Matthias Oschinski and Thanh Nguyen | February 24, 2022
Labour markets are in constant flux. As some sectors retract and shed jobs, others grow and search for workers. We’ve seen this play out over the past two years of the pandemic, as workers in the tourism and hospitality sector have been particularly hard hit by business closures while the healthcare sector has struggled to find workers.
The trend is expected to continue as Canada transitions to a low-carbon economy. TD Economics estimates that three-quarters of workers employed in Canada’s oil and gas sector are at risk of losing their jobs over the next 30 years. Yet many new jobs are expected to be created in clean-energy industries.
Helping workers find new employment options will be vital, and so will the availability of career guidance to help them make the transition. But there are few career-guidance options available for working-age adults in Canada. Research by the Labour Market Information Council shows that few Canadian adults access career services, far fewer than their counterparts in peer countries; many Canadians surveyed didn’t know these services even existed.
In a study published by the Institute for Research on Public Policy, we propose a new approach to career planning. Rather than relying on an individual’s degree or diploma or previous job title to look for employment alternatives, the method we employ identifies occupations — perhaps even in a different industry — that overlap with their current or recent job in terms of work activities and competences. This approach broadens the range of new employment options available for jobseekers and should result in a better job match. Our approach only considers alternative jobs in growing industries that offer wages at least as high as what workers earned in their previous occupation.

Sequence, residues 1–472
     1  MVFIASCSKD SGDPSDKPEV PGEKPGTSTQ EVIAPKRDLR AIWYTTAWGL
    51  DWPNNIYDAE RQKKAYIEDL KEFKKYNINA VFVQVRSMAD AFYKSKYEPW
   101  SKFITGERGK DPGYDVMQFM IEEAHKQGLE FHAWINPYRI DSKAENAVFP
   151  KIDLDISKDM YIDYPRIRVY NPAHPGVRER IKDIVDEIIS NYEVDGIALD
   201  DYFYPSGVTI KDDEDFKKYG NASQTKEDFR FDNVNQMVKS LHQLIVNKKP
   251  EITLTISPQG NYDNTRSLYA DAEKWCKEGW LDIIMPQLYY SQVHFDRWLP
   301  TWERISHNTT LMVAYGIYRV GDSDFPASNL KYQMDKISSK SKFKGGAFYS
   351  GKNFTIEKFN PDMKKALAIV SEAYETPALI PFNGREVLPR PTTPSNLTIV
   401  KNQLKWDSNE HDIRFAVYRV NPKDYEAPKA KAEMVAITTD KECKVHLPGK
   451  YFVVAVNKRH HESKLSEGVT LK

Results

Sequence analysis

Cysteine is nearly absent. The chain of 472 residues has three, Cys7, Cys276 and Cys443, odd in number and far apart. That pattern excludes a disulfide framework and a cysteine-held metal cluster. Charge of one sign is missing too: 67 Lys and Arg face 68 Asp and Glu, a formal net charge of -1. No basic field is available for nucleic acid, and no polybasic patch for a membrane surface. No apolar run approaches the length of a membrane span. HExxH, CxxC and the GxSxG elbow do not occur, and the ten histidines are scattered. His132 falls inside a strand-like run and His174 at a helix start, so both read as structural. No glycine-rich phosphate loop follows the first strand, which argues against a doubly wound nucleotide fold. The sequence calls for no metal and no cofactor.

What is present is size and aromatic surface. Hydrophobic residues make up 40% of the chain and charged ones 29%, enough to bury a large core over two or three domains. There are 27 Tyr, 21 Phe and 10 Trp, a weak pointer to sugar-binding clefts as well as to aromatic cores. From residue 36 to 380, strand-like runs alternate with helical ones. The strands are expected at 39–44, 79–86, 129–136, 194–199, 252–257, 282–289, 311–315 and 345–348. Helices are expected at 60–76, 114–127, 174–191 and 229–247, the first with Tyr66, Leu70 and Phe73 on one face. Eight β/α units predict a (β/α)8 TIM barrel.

But identifying alternative careers isn’t enough. We can also pinpoint any skills gaps that would need to be addressed to make these transitions successful. This allows individuals and career counsellors to develop a roadmap to identify appropriate training programs that help jobseekers qualify for new jobs. Ideally, our proposed methodology would be used in conjunction with real-time data available on job-posting sites like ZipRecruiter or Indeed, as well as information on training options from tools that don’t yet exist but need to be developed.
We hear a lot about skills that workers will need to remain resilient in the face of labour market disruptions. In our view, a one-size-fits-all approach must give way to personalized career and training guidance tools that make the most of an individual’s skills, interests and abilities. Such tools will improve job matches, better target retraining efforts, and increase participation in and completion of training programs.
This type of comprehensive skills-based approach to career guidance would offer tailor-made employment and training solutions for unemployed workers, workers who seek to improve their employment options and those who are in danger of losing their jobs. These tools could be especially helpful for vulnerable populations, such as women and racialized Canadians whose jobs were most affected by the pandemic shutdowns.
When globalization and automation led to a widespread loss of jobs in North America’s manufacturing sector in the 1990s, many of the displaced workers took ill-suited jobs, resulting in lower pay and a loss of skills. Let’s avoid repeating mistakes of the past. Adopting a comprehensive skills-based approach to career guidance, like the one we propose, would be a step in the right direction. Our methodology remains in early stages of development and bringing it into widespread use will require substantial government investment. Given the scale of the problem, we can’t afford to put it off.
Matthias Oschinski is the founder and CEO of Belongnomics, and a member of the teaching faculty at the University of Toronto’s Munk School of Global Affairs and Public Policy.
Thanh Nguyen is an undergraduate student in computer science and engineering at MIT.
This op-ed was originally published by The Hill Times.